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Risk, social trust and knowledge: public perceptions of gene technology in Britain

Allum, Nicholas Charles (2005) Risk, social trust and knowledge: public perceptions of gene technology in Britain. PhD thesis, London School of Economics and Political Science (University of London).

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Abstract

This thesis is about the perception of technological risk in modern societies. The investigation focuses on one risk case, gene technology, with special reference to genetically modified (GM) food, and one particular society, modern Britain. I am concerned firstly with the structure and stability of people’s perceptions of risks and, secondly, with some of the factors that underlie these perceptions. After a brief foreword, chapters two and three present reviews of research on risk perception and on public attitudes towards gene technology in Britain. I argue that public perceptions of risk in relation to new and controversial technologies might be characterised more simply as a special case of social attitudes, rather than as psychological phenomena in their own right. Following a short discussion of research methodology, two empirical investigations follow that explore the structure of public views on gene technology risk and on GM food risk in particular. The first is a qualitative analysis of focus group discussions with members of the lay public. The second analyses data from a representative panel survey, using structural equation modelling to explore stability and change in perceptions over time. The second part of the empirical work consists of two studies using data from a newly-designed Internet survey. The first considers the nature and effects of social trust on the perception of GM food risk. The second explores the relationship between scientific and political knowledge, attitudes to science and perception of GM food risk. Both investigations use structural equation modelling to operationalise and test theoretical models. The final chapter contains a summary of the thesis, some conclusions and directions for future research.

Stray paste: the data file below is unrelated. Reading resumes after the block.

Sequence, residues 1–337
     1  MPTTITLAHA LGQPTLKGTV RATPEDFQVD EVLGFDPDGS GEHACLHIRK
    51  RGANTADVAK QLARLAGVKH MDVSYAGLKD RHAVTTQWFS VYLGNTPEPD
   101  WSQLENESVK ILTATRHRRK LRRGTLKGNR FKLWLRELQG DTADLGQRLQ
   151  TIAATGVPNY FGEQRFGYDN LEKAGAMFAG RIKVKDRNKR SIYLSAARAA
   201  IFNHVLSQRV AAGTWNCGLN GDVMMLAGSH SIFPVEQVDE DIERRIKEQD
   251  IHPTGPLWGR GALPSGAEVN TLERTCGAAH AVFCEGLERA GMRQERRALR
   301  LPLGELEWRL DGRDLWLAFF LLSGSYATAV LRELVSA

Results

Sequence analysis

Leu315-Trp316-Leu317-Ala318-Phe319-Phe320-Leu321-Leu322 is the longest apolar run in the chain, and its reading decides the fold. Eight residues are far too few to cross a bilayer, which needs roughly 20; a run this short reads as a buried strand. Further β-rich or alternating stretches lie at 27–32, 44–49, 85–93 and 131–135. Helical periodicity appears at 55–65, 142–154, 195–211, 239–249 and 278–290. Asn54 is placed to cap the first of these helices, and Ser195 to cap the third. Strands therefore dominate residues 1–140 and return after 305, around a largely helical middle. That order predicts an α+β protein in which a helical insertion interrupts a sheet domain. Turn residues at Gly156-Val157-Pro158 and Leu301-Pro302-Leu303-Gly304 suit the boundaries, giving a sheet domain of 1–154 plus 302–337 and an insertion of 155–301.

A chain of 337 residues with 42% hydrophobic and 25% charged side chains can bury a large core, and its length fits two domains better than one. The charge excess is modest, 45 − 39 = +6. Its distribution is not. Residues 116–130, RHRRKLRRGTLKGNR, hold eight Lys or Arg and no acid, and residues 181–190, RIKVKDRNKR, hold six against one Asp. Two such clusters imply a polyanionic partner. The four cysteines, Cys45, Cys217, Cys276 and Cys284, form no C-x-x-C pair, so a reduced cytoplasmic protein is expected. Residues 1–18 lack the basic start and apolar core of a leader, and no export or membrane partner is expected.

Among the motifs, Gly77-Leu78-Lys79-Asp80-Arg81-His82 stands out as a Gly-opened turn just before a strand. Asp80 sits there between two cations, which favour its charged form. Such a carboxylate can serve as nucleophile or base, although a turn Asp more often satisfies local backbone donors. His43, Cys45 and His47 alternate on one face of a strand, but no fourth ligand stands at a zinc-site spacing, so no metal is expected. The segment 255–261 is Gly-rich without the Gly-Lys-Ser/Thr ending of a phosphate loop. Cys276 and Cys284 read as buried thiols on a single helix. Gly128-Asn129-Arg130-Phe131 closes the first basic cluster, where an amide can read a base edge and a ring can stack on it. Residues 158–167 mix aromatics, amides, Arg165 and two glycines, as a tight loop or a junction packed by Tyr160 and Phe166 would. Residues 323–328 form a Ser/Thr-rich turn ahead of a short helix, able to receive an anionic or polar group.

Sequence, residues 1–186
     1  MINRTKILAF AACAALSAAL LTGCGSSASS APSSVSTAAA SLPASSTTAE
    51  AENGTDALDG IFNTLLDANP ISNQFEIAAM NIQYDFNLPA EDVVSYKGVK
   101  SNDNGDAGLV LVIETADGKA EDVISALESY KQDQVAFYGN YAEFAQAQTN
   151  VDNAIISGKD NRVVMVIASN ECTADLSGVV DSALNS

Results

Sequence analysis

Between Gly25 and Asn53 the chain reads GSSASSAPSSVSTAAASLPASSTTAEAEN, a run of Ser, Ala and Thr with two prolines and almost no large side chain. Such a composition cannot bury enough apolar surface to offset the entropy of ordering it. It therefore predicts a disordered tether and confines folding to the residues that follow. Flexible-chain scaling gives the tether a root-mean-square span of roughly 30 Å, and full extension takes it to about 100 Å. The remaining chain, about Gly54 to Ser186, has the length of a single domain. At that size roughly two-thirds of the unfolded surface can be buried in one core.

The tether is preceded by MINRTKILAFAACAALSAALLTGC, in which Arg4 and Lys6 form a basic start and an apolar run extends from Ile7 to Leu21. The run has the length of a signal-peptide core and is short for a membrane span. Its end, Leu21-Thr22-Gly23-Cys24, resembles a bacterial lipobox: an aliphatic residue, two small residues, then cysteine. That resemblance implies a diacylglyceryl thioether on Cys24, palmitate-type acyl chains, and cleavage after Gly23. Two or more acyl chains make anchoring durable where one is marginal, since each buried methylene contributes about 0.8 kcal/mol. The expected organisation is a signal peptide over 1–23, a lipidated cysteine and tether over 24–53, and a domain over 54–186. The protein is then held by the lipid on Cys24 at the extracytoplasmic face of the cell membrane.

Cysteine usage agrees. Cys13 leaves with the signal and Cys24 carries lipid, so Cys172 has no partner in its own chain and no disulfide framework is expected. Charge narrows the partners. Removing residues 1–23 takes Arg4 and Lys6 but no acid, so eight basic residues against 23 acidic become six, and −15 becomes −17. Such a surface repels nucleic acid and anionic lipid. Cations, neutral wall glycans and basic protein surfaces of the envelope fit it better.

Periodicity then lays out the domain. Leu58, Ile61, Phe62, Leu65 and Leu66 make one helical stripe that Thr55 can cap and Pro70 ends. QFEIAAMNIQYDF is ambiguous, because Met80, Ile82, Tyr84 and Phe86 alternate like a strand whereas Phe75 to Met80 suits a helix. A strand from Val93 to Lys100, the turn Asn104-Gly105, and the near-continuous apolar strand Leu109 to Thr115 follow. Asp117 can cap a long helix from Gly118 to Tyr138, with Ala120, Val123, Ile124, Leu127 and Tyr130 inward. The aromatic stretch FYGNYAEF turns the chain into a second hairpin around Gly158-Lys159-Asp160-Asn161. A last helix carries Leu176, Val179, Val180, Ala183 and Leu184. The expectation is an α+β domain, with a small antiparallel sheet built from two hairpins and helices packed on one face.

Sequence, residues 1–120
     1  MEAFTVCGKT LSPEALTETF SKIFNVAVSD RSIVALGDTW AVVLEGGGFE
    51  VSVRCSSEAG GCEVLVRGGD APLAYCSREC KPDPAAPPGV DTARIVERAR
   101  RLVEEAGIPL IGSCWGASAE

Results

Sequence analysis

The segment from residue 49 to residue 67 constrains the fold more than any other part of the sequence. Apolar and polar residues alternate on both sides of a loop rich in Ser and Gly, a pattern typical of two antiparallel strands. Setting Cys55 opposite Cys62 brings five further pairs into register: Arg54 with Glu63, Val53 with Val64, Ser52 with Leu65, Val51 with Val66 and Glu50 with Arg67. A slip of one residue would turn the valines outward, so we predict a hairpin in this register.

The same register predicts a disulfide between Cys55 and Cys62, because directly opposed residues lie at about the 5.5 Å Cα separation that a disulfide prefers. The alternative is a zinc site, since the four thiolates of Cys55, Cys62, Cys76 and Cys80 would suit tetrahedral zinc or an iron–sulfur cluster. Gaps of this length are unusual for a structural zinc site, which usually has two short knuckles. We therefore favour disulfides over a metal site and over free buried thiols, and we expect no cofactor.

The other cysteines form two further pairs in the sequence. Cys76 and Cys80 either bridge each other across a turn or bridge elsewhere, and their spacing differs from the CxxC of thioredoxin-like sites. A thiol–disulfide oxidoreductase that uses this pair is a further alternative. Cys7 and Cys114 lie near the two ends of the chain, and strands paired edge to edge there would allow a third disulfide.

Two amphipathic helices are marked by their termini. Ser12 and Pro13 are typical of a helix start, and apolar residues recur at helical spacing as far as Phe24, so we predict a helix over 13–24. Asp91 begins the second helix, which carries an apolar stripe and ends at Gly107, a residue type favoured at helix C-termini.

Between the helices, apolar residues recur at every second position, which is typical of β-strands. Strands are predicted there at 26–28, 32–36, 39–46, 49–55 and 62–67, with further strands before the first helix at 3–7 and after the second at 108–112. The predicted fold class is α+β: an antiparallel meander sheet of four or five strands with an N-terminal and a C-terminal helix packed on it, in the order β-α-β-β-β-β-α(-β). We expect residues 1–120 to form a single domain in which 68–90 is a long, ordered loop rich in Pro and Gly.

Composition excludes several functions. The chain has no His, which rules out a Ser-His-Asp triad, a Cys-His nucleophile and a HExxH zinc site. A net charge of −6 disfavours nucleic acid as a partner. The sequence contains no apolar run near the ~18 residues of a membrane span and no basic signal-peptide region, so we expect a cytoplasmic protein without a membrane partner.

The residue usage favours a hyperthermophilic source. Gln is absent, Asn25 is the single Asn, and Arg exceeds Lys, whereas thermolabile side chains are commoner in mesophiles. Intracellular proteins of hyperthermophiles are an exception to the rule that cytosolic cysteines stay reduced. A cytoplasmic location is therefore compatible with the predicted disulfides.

Item Type: Thesis (PhD)
Divisions: Faculty of Social Sciences > Sociology, Department of
Depositing User: Elements
Date Deposited: 27 Nov 2020 14:11
Last Modified: 25 May 2021 21:15
URI: http://repository.essex.ac.uk/id/eprint/21594

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